* Dollar index on track to lose 0.5 pct this week
* US jobs data awaited to potentially add bids back to the dollar
* Canadian dollar near 3-week high after OPEC-induced oil rally
By Shinichi Saoshiro
TOKYO, Dec 2 (Reuters) - The dollar sagged early on Friday against its peers as investors were cautious ahead of a looming U.S. jobs report that could set the tone in coming days.
The greenback was poised to end lower against a basket of currencies this week during which it gave up some of its recent robust gains. The dollar index was little changed at 100.93 after falling 0.6 percent overnight.
It was on track to lose 0.5 percent this week, with the index pulling back from a 13-1/2-year high of 102.05 scaled on Nov. 24 when it had rallied along with a surge in U.S. yields triggered by expectations of a higher fiscal impulse and a faster pace of monetary tightening under president-elect Donald Trump.
The U.S. currency was on the back foot as other currencies were influenced by their own catalysts and as financial markets took a breather from the Trump-induced rally.
The euro rose 0.7 percent overnight after Reuters reported the European Central Bank will extend its bond purchases beyond next March and consider sending a formal signal next week that the asset purchase program will eventually end. It last stood little changed at $1.0659 and enroute to rise 0.8 percent on the week.
Focus for the common currency is now on the Italian referendum during the weekend and whether the government would win or lose the vote on constitutional reform.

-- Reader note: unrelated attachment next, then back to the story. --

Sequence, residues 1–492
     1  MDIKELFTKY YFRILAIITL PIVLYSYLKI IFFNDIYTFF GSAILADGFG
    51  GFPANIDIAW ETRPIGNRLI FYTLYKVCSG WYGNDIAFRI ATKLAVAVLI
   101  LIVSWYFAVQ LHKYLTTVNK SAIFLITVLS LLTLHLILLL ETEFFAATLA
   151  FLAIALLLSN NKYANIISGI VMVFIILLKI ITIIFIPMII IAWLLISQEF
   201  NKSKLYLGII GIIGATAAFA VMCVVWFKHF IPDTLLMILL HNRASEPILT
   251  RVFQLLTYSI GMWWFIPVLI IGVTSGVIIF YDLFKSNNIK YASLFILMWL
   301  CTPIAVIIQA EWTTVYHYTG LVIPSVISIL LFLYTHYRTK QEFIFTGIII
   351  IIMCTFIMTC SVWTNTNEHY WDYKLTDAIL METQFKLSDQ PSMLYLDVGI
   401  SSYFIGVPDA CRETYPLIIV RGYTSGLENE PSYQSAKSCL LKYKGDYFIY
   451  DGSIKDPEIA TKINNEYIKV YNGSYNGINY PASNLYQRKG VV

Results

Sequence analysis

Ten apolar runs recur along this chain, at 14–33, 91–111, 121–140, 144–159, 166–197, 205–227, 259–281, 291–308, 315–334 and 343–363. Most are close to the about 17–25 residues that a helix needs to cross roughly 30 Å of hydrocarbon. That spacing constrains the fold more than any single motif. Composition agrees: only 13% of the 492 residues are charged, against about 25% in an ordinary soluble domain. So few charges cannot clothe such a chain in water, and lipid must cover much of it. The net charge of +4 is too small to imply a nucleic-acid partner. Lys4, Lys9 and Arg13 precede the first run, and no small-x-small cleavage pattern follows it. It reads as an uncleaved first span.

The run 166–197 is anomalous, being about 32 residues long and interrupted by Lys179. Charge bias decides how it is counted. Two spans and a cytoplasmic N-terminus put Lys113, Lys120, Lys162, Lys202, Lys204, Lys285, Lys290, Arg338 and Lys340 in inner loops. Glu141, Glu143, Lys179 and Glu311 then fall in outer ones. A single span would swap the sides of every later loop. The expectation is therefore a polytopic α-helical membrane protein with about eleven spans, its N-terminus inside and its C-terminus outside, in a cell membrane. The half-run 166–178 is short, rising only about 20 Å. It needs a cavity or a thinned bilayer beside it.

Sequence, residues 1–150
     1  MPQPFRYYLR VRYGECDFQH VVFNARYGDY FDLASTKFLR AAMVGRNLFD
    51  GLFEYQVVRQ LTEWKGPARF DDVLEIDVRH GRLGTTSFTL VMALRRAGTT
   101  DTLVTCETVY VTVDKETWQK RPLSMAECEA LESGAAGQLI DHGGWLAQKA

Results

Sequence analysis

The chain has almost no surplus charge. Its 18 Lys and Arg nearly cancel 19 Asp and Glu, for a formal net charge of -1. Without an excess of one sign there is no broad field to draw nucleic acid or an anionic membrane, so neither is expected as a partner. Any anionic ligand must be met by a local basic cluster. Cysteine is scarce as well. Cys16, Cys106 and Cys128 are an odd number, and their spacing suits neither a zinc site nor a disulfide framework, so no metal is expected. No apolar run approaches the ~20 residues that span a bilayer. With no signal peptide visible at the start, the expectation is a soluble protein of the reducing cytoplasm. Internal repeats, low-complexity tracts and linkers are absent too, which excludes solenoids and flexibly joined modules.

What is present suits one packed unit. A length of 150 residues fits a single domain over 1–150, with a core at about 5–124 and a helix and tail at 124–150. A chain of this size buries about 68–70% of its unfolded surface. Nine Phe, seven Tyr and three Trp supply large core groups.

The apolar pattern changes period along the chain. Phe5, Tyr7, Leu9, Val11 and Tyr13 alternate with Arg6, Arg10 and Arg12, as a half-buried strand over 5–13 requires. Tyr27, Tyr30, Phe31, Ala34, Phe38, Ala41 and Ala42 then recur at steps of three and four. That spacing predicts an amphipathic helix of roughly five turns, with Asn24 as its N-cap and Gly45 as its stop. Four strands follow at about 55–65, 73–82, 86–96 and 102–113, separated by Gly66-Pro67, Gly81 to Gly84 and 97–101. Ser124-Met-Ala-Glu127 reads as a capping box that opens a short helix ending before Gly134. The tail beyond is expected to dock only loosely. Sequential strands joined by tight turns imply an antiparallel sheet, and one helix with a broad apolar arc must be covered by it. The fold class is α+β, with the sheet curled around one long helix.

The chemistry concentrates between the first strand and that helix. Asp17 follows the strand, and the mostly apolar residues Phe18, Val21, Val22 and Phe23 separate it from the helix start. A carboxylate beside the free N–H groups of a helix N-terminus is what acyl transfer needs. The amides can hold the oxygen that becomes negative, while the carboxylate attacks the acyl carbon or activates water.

Sterling gained on a perceived crack in Britain’s “hard Brexit” line following comments from Brexit minister David Davis. The pound was up a fraction at $1.2596 after rising 0.7 percent the previous day when it touched a 2-month high of $1.2696.
The dollar fared slightly better against the yen. The U.S. currency was flat at 113.990 yen after rising to a near 10-month high of 114.830 the previous day, and on its way for a 0.6 percent weekly gain.
“The dollar has more elbow room to perform better against the yen, as it had suffered bigger losses earlier in the year relative to other currencies,” said Daisuke Karakama, market economist at Mizuho Bank.
“The dollar could test the 115 yen threshold depending on how the U.S. jobs report turns out.”
Economists polled by Reuters expect U.S. employers added 175,000 jobs in November, compared to 161,000 in October.
Elsewhere, the Canadian dollar was buoyant after receiving a big boost on Wednesday when the Organization of the Petroleum Exporting Countries agreed to the first output cut since 2008 and sent crude oil prices soaring.
The loonie was steady at C$1.3305 per dollar after touching a 3-week high of C$1.3300 overnight. (Editing by Shri Navaratnam)